I heard some interesting advice today: “When you’re evaluating reviews, ignore anything that’s 1 or 5 stars. Read the 2-, 3- and 4-star reviews.”
I think that’s good advice. 1- and 5-star reviews tend to be impulsive; they can often be the result of a single positive or negative interaction (at best; at worst they’re just fake). But those middle-star comments are much more likely to be thoughtful and considered.
We’re all prone to hyperbole, which makes us exaggerate our interactions to the extreme. Was a slightly cold coffee in an otherwise pleasant setting at a fair price REALLY worth a 1-star review? There’s nothing else that could have been worse? Likewise, the cashier smiled pleasantly at me when handing me my change – worth five stars? No room for improvement at all?
Compounding this problem is the fact that there’s no universally-accepted definition of those kinds of ratings. For some people, 5-stars is the default; that’s what you get if you do your job competently and I don’t have any complaints. For others, the default is the middle – 3 – and you work your way up or down from there with your actions. But since no one discusses, much less agrees to, a universal standard, many star-rated reviews are meaningless. Certainly it’s meaningless to average them.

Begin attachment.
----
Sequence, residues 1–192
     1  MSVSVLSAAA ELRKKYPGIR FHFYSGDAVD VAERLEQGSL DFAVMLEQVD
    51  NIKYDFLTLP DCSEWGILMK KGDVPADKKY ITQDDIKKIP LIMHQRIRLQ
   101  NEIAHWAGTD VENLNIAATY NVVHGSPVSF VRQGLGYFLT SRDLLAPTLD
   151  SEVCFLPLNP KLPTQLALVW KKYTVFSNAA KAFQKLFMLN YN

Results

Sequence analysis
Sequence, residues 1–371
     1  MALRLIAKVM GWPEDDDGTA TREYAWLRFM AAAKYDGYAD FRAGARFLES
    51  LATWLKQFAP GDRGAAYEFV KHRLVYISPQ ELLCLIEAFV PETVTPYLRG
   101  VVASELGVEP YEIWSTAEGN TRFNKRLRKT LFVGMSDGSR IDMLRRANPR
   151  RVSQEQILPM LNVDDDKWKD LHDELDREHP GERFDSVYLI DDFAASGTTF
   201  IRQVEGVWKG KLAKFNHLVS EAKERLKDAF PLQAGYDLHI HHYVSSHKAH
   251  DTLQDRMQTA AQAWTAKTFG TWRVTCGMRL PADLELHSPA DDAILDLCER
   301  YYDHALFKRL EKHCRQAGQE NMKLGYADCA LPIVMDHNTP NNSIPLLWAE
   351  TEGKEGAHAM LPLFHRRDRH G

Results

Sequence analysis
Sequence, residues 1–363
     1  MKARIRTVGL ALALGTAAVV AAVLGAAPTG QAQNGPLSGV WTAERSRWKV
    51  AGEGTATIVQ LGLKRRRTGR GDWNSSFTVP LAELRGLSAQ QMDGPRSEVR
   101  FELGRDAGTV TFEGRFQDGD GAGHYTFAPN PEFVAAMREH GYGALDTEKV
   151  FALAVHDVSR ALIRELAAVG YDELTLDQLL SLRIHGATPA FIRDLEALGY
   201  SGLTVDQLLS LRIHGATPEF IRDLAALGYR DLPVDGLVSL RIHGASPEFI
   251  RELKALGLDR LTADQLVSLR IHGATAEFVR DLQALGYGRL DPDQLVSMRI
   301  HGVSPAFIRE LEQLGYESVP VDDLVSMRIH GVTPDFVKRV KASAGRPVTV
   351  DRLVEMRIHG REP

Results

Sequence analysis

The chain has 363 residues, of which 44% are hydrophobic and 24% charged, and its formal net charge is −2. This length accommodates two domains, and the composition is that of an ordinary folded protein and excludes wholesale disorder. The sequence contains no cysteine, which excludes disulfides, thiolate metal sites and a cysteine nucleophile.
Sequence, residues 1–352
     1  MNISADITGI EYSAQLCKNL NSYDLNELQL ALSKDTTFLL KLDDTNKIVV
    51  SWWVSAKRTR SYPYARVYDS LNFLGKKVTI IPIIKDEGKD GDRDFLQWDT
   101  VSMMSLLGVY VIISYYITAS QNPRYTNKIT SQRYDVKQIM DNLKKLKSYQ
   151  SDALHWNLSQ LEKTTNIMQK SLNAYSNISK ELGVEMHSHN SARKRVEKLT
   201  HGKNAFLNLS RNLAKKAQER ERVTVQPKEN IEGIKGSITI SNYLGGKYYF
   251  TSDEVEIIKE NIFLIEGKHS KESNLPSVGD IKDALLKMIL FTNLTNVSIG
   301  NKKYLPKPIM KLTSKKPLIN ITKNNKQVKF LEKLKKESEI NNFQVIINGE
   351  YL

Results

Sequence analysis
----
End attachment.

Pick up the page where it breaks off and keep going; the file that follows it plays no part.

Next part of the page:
So most ratings are useless, but at least a 2-4 star rating with a comment is less likely to be hyperbole-driven and contain some mix of pros and cons. So if you really want to know what it’s like to buy a product or work for a company, those are good ones to check out.
And there’s a larger lesson – be wary of people with extreme claims, in either direction, on any topic. Pay more attention to the middle.